Let $\left\{X_{1}, X_{2}, \ldots X_{k}\right\}$ denote a set of $k$ IID $\operatorname{Bern}(p)$ random variables. Also, I have a set of $k$ non-negative integer weights denoted by $\left\{a_{1}, a_{2}, \ldots a_{k}\right\}$ such that $\sum_{i} a_{i}=k$.

As given here, the probability mass function (PMF) of $Y=\sum_{i} a_{i} X_{i}$ approximately using the Lyapunov CLT is $$ Y \stackrel{\text { Approx }}{\sim} \mathrm{N}\left(p k, p(1-p) \sum_{j} a_{j}^{2}\right) $$

My aim is to find the condition on weights $\{a_i\}$ so that Lyapunov CLT can be applied. I think that it follows from the below condition:

For some $\delta >0$. $$\lim _{k \rightarrow \infty} \frac{1}{s_{k}^{2+\delta}} \sum_{i=1}^{k} \mathbb{E}\left[\left|X_{i}-\mu_{i}\right|^{2+\delta}\right]=0$$

Here, $s_{k}^{2}=\sum_{i=1}^{k} \sigma_{i}^{2}$.

Can someone help me simplify this condition to find the constraint on weights $\{a_i\}$ so that Lyapunov CLT holds.


1 Answer 1


If $\delta = 1$ then $\text{Var}(a_i X_i) = a_i^2 p (1-p)$ and $$ \mathbb{E}\left[\left|X_{i}-\mu_{i}\right|^{2+\delta}\right] = a_i^3p(1-p)[p^2 + (1-p)^2] $$ so your condition simplifies to $$ \left( \sum_i a_i^3 \right)^2 = o\left[ \left( \sum_i a_i^2 \right)^3 \right] $$ Intuitively this is a requirement that your weights aren't too far from uniform. This makes sense because the Lyapunov CLT generalizes CLTs that require independence and identicalness to situations where your data are still independent but not necessarily identical.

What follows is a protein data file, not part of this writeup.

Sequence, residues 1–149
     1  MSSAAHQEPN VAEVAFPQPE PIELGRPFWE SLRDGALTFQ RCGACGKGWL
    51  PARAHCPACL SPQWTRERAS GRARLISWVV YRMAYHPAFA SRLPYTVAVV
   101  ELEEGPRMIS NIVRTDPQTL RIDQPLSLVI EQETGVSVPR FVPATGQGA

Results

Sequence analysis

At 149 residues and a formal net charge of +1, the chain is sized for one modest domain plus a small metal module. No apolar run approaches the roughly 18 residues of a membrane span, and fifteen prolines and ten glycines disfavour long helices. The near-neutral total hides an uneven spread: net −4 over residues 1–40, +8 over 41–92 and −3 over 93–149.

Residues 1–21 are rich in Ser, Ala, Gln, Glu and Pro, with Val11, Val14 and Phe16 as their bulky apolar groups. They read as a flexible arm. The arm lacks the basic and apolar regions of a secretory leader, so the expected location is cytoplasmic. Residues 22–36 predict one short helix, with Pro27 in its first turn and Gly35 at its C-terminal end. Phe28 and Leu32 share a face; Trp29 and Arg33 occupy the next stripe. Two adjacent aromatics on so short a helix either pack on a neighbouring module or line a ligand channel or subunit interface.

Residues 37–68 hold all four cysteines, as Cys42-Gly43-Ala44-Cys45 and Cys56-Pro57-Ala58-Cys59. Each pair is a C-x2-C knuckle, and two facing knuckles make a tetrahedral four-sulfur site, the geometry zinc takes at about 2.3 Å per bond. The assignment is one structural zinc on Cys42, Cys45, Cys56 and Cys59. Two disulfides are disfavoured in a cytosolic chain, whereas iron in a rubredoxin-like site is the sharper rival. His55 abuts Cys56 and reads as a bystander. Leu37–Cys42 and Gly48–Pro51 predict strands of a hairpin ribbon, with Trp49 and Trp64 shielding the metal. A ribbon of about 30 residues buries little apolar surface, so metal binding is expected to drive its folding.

This example is similar to Example 2.7.2 in https://www.amazon.com/Elements-Large-Sample-Theory-Springer-Statistics/dp/0387985956 However, your weights are a little different than their example's statistic's.


Your Answer

By clicking “Post Your Answer”, you agree to our terms of service and acknowledge you have read our privacy policy.

Not the answer you're looking for? Browse other questions tagged or ask your own question.